• Assisted Suicide in International Spotlight: Swiss Society Numbers Up, Australia Suspends Physician | August 18, 2014

    Last week, an assisted suicide organization in Switzerland named Exit made the news with a report of an anomalous growth in membership. According to its vice president, a record number of about 60 to 100 new applicants poured in daily this July and August, instead of the expected lag in applications due to summer travel.  All told, […]

  • Thailand Moves to Reform Law following Surrogacy Cases Gone Awry | August 13, 2014

    Last week, Thailand officials announced a reform of its surrogacy legislation by way of a newly drafted bill that would ban commercial surrogacy. This move to tighten restrictions comes after two widely-reported and controversial surrogacy cases gone wrong in the nation – the now-famous story of Gammy, a twin abandoned by his intended parents due […]

  • Center for Bioethics and Culture Founder Releases Documentary on Harmful Effects of Surrogacy | June 2, 2014

    Jennifer Lahl, founder of the Center for Bioethics and Culture and an award-winning film director, recently released her latest documentary entitled Breeders: A Subclass of Women? The new film examines the harmful consequences of surrogacy.  Breeders concludes her three-part film series on sexual reproductive technologies.  The first installment, Eggsploitation (California Independent Film Festival Best Documentary, 2011), highlighted the risks for […]

  • Federal Exchange Plans Still Obscure Abortion Information | December 18, 2013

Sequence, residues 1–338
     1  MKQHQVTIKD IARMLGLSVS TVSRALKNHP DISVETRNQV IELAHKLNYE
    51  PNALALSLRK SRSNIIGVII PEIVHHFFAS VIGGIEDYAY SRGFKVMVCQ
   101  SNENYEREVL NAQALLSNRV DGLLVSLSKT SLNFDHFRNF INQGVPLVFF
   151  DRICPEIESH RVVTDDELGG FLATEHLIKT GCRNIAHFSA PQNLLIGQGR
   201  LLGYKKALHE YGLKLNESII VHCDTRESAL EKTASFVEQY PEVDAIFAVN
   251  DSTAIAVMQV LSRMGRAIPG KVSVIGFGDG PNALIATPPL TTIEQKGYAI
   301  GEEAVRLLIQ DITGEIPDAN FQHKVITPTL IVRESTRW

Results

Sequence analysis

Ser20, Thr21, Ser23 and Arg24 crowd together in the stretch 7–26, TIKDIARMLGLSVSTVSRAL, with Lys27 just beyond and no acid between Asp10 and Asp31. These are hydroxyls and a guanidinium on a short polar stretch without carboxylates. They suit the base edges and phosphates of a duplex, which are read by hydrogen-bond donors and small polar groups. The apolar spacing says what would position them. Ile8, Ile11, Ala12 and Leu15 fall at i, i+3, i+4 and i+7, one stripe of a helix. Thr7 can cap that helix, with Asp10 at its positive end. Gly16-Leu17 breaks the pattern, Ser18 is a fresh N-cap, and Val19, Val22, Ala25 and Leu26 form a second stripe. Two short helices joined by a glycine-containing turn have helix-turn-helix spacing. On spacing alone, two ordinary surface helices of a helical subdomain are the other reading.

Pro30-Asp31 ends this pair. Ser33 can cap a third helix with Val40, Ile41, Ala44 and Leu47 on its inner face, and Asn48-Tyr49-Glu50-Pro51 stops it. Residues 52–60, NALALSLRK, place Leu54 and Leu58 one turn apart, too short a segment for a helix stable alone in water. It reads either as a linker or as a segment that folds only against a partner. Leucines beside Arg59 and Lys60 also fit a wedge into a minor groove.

On December 11, 2013, Secretary of Health and Human Services Kathleen Sebelius, in response to a question from Rep. John Shimkus (R-IL), testified on Capitol Hill that abortion coverage information in insurance plans is “available for every customer,” and that “it is on the website.”  After the testimony the Charlotte Lozier Institute undertook to research […]

  • Elective Abortion Coverage Information Still Elusive | December 13, 2013

    From the beginning of the rollout of the federal and state websites displaying health insurance plans eligible for premium subsidies, the ability to identify key elements of the plans, compare and contrast them, and understand the scope of coverage and other issues has been limited at best.  In most cases, it was necessary at the […]

  • ObamaClarity at Day 9: Abortion Coverage Still Opaque | October 9, 2013

    More than a week into the enrollment period for health insurance via the federal-state insurance exchanges, whether existing plan options include elective abortion remains anything but clear.  Under Obamacare, a cluster of Multi-State Plans (MSPs) are likely to include elective abortion coverage in 27 states.  In each of those states, at least one MSP is […]